About three weeks short of my 40th birthday I was pulled up hard by an MS diagnosis. The final diagnostic test (a lumbar puncture in my case) left no doubt in medical terms.

I was living in Brisbane, Queensland, at the time and about a year earlier had resigned from full time work as a journalist and Media Coordinator.

All was not well with me but I didn’t understand why. I put it down to too much sustained stress over recent years. I did know I was exhausted in every sense of the word.

A life-changing verdict

Some 13 years on I can still clearly recall the life-changing verdict: “I’m afraid I have bad news. The tests confirm MS.” Everything changes but not as one would expect, for the worst.

And as I’ve heard others say post diagnosis, it was a relief to know what I was dealing with, however potentially unpleasant.

And strangely enough, in my case, it gave me a sound excuse to ‘cease all strivings’ for a season or few, as it turned out.

For over a decade now I’ve had a lot of time to digest all the implications, to grieve the physical and work/social limitations, and to adapt my lifestyle, and keep the right kind of positive and encouraging people in my life.

Good counsel

From about the same time I was seeing my GP regarding my oddly behaving right foot, I enrolled in a tertiary accredited Counselling Diploma course in Brisbane.

It was to open up a whole new world of insights and resources into how to deal with challenging situations and how to overcome negative personal behavior/s, which are often rooted in family of origin problems (‘family of origin’ being the first social group a person belongs to, which is often a person's biological family or an adoptive family), and how well or badly external stress is dealt with.

The teaching and practical approaches and work experience gave me invaluable insights into my own family of origin interpersonal dynamics, and myself, relationships with others, ways to understand and heal the psyche; and introduced me to so many inspiring and supportive people.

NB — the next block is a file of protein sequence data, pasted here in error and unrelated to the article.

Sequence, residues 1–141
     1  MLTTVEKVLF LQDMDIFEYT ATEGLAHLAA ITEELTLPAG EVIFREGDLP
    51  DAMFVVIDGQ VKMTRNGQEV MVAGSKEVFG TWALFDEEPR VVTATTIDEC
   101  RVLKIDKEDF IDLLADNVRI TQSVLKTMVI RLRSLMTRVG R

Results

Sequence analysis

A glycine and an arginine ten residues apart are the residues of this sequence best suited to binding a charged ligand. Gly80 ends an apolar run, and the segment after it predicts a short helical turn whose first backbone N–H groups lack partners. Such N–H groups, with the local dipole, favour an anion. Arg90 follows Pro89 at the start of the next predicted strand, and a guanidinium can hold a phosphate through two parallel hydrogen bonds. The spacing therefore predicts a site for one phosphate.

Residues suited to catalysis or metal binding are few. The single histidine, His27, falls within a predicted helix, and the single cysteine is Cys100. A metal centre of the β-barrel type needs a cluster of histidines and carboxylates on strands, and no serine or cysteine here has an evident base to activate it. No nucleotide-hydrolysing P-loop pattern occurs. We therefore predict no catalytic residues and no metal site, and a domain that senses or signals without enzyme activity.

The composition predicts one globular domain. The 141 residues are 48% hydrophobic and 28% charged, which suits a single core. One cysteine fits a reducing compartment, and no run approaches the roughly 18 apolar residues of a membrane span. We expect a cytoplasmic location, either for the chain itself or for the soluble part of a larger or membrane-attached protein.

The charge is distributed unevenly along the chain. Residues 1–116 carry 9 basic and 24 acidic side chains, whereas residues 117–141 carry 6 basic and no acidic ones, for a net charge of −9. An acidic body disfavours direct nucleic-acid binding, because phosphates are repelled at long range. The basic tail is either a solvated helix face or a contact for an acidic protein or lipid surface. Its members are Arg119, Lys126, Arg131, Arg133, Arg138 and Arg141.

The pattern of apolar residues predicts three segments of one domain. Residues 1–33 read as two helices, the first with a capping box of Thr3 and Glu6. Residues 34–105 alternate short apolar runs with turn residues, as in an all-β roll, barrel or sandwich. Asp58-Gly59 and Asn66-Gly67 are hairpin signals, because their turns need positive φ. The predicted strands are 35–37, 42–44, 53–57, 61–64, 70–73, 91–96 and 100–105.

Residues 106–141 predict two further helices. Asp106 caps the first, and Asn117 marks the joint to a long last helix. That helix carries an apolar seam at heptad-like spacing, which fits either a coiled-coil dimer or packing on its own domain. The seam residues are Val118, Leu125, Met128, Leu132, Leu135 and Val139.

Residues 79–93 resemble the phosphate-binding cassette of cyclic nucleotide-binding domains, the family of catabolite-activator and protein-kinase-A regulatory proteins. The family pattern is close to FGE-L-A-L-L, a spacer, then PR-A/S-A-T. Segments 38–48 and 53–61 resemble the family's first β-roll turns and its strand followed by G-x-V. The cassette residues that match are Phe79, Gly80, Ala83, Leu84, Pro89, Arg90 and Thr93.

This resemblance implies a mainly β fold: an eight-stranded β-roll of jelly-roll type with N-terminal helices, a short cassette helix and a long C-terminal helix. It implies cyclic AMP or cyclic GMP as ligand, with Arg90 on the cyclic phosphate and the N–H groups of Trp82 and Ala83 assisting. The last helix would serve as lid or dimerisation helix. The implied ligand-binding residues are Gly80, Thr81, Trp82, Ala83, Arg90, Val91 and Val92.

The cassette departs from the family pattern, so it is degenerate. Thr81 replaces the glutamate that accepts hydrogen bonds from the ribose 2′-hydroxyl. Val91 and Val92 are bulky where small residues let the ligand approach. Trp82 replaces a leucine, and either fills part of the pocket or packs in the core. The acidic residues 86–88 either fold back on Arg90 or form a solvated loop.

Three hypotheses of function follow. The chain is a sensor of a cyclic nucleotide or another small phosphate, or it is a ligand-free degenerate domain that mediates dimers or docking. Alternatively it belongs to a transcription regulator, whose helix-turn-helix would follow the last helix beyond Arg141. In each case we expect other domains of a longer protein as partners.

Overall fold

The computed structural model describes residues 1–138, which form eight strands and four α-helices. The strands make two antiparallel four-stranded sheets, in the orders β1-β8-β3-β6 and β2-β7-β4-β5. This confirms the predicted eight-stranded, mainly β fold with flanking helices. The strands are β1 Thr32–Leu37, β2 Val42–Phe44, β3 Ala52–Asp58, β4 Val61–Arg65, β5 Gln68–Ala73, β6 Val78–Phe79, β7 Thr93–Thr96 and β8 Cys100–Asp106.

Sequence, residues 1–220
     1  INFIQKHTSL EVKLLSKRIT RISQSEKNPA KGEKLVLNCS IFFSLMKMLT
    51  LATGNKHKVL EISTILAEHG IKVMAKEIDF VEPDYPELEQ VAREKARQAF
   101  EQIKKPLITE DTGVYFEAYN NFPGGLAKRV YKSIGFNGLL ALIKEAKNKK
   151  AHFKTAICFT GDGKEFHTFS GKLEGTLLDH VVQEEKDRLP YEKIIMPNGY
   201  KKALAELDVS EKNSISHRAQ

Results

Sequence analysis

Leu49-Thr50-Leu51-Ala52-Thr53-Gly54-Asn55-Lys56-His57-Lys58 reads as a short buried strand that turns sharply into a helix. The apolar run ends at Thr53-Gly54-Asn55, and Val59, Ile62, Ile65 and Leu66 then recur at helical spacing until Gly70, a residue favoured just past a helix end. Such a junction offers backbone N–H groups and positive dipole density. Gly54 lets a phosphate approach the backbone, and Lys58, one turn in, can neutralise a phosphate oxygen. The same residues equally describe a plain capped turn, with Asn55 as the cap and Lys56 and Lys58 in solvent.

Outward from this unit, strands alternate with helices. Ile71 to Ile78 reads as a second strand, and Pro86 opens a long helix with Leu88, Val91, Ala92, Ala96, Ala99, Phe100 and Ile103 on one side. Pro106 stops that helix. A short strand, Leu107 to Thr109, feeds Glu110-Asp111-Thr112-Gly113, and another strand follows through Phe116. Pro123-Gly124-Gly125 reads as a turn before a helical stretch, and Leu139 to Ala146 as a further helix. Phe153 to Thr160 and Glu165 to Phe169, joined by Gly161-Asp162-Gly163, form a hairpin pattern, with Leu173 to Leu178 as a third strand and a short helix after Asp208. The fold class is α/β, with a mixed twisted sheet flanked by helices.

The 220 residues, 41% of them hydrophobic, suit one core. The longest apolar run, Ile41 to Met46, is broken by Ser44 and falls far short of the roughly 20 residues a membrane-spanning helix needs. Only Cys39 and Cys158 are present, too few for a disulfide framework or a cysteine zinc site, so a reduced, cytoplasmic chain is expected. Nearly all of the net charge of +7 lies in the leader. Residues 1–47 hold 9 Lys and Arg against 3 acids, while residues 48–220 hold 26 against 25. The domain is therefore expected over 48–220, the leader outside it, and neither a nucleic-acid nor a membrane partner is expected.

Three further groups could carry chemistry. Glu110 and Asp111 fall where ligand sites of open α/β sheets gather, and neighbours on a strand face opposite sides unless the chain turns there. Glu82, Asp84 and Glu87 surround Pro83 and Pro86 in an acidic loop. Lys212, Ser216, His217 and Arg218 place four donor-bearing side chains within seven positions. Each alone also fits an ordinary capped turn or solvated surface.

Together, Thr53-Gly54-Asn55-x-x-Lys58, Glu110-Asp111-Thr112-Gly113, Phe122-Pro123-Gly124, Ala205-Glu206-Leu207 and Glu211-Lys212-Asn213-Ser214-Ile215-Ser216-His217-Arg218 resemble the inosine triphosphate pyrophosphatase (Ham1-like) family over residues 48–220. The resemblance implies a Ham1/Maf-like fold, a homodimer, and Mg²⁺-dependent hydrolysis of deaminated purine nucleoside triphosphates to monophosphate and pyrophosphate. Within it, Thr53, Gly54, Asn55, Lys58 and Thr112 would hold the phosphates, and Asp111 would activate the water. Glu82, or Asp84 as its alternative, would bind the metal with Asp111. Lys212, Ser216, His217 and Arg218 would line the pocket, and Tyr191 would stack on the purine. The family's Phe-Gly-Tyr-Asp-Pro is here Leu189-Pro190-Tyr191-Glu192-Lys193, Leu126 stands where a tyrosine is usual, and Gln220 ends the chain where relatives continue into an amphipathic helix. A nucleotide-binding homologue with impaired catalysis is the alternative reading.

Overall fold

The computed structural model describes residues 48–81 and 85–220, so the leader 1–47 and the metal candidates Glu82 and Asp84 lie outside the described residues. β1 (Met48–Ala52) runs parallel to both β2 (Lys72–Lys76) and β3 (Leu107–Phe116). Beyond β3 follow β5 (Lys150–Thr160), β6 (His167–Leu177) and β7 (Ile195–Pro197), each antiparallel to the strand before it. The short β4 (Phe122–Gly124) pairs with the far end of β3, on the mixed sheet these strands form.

Even though my once athletic feet were being gradually slowed down, I had found a resting place and an expanding space within.

'Back when I was diagnosed with MS, there was no offer of counselling support unless depression had become a major problem. I believe counselling support should be offered from the time of diagnosis.'

Dealing with loss and grief in MS

Back when I was diagnosed with MS, there was no offer of counselling support unless depression had become a major problem. I believe counselling support should be offered from the time of diagnosis.

Why let those struggling to come to grips with a MS future get to the point of needing to go on an anti-depressant or even reaching the point where intensive psychiatric help is required?

The newly diagnosed need a professionally trained person to listen well to what they are dealing with. Grief/loss impacts everyone differently and depending on our personal make up, life skills and family/social support network, we go through the five stages of loss (denial and isolation, anger, bargaining, depression, and then finally acceptance) differently. Anger is certainly no stranger to those living with chronic illness.

Anger over the loss of the life they may have led, the close relationship they may have made or kept, and so on. I consider myself very fortunate I was surrounded by mature, compassionate people (undertaking and teaching the counselling qualification) when I was 'first floundering in the stormy ocean' of a potentially serious medical condition.

Listening skills and empathy

A good counsellor listens well, reflects back what has been said, works on discerning what the underlying issues are, and is above all gentle.

When we are feeling fragile, bamboozled, stuck (not able to find a way through a situation); we need someone to journey with us who is respectful, gentle, and when the time is right, to offer suggestions on how the client can move forward.

Some things are too painful to face or deal with straight away. In some cases it can take many years to get to a point of being ready to identify, accept/own a problem, and do something about it.

Sadly, some folks remain in denial, never able to accept a situation for what it is, and to grow through it. Inner healing, peace and strength to live well despite challenging circumstances are worth doing the hard yards for. None of us have to go about it alone. Don’t be afraid to ask for help when your own resources just aren’t enough.

Lee Duncan